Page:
Disability and World Religions
- ISBN: 9781481305211
- Published By: Baylor University Press
- Published: August 2016
Disability and World Religions is a collection of essays by religious scholars at the intersection of religions and disability theory and practice. This well-organized volume effectively provides an overview of basic ideas within religious traditions and contextualizes the experience of these teachings from within that religious tradition. Each of the contributors focuses on a specific religion, including Hinduism, Buddhism, Confucianism, Daoism, Judaism, Catholicism, Protestant Christianity, Islam, and indigenous traditions in the Western hemisphere. In the first part, the introductions to each religion are comprehensive and clear, with the authors providing an overview of the religious tradition along with its component elements, key beliefs and sources, and, in some cases, current debates and speculations. The second part of each chapter extends this core understanding of the religion to explore the ways that the religious teachings and practices from these traditions impact perceptions of disability.
The volume is situated within the goals of the series of which it is a part, Baylor University Press’s “Studies in Religion, Theology, and Disability.” The series editors “encourage theoretical engagement with secular disability studies while supporting the re-examination of established religious doctrine and practice.” This is accomplished by empowering “newly established and emerging scholars”—which makes the prominence of some of the authors of this volume surprising—to explore the “intersection of religion, theology, and disability” (v). The series introduction itself is effective in situating this text, although it would be helpful to add a citation for the assertion that “persons with disabilities remain the most disaffected group from religious organizations” (vi). Regardless, the need for the series itself, and for this volume of it, is evident.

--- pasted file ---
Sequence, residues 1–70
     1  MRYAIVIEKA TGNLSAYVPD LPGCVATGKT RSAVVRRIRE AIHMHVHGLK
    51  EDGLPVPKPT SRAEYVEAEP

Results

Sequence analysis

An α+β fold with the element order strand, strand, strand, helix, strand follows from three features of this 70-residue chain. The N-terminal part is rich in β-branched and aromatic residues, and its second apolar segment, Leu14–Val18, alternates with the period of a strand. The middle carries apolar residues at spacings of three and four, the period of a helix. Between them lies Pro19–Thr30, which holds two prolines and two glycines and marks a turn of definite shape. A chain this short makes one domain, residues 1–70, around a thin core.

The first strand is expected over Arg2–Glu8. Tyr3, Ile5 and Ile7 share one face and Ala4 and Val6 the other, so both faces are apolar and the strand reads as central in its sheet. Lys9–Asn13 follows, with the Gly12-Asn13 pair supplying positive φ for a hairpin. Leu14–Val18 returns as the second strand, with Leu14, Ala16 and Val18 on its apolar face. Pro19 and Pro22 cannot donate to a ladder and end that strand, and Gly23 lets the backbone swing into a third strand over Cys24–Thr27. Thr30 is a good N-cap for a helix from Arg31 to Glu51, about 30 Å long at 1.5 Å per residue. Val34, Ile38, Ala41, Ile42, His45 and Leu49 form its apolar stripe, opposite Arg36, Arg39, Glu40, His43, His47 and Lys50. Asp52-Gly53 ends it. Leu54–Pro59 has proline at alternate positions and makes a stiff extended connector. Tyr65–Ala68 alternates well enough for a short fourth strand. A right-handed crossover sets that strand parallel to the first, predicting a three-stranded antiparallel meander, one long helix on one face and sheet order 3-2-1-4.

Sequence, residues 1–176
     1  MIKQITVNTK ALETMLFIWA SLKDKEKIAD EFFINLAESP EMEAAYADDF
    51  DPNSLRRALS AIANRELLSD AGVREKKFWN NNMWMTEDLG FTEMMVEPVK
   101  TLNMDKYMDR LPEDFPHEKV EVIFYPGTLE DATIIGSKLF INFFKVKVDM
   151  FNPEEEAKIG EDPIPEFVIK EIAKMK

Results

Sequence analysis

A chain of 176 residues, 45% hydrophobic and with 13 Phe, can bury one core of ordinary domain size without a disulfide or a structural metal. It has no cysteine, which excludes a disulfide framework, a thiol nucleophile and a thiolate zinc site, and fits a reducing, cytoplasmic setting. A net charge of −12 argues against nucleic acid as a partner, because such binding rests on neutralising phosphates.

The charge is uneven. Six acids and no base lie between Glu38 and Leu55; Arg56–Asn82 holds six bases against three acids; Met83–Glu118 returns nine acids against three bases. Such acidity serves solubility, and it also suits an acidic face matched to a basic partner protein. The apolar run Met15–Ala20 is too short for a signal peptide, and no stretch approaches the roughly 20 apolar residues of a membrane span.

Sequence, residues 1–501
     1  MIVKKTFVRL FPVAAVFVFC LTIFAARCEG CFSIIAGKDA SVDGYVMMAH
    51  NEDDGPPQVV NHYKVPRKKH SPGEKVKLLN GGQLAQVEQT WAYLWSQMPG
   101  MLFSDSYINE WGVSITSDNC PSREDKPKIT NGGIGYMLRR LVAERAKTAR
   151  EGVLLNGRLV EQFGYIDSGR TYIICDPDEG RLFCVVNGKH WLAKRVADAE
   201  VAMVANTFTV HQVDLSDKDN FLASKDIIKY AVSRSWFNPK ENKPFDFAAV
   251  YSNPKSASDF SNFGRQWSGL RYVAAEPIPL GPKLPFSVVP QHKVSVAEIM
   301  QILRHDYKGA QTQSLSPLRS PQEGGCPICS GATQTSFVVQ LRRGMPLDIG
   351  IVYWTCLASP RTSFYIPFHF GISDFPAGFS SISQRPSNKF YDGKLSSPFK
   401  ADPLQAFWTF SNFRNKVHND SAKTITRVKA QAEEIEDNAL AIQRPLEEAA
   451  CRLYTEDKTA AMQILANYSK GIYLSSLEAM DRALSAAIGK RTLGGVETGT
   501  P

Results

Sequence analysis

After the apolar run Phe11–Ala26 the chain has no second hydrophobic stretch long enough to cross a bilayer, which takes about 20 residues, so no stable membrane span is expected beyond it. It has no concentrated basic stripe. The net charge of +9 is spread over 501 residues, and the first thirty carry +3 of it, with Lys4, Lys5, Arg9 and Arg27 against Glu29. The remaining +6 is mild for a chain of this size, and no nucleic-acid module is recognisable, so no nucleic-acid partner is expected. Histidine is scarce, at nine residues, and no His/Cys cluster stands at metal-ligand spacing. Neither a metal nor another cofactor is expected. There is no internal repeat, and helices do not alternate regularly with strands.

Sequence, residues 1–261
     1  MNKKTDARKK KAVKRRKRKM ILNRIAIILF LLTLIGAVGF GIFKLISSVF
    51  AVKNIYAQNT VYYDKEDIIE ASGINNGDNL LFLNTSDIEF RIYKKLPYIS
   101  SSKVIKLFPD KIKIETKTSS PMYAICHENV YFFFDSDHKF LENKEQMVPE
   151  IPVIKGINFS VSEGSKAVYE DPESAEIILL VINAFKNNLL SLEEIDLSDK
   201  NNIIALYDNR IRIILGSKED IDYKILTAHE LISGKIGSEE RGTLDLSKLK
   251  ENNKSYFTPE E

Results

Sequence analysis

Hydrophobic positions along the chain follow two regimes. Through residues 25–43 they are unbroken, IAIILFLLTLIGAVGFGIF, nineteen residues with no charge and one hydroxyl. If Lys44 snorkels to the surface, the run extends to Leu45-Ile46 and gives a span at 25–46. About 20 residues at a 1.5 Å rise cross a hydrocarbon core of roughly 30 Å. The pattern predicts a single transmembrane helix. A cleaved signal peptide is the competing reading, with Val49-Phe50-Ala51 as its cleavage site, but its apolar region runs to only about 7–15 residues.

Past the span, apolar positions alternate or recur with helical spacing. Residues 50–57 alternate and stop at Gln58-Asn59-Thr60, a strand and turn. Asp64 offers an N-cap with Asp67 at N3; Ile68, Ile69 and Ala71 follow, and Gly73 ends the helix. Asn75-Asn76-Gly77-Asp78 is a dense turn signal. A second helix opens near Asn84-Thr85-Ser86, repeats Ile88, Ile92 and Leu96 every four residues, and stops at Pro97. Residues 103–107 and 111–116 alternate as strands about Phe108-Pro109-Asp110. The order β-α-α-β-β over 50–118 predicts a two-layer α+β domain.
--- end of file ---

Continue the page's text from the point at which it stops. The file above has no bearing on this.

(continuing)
Disability and World Religions is an immense undertaking accomplished highly effectively. The descriptions of the various religious traditions are thick while still being concise. Scholars could enhance their understanding of various religious traditions through reading the first section of each of these contributions, regardless of whether or not they are interested in disability studies. These sections could also be used in upper-level or graduate world religions courses. The book itself could certainly be used in a disability studies course along with other cultural, anthropological, and historical examinations of representations of disability. Many of the themes discussed in detail in the book can be extended into multiple fields, such as human embodiment, ritual, religious experience, personal and social transformation, and more. The depth of reflection involved in notions of religious and spiritual self-identity, the presence and absence of physical or mental capacities, the common vulnerabilities that are part of being human, all contextualized within social, historical, and religious conditions is impressive.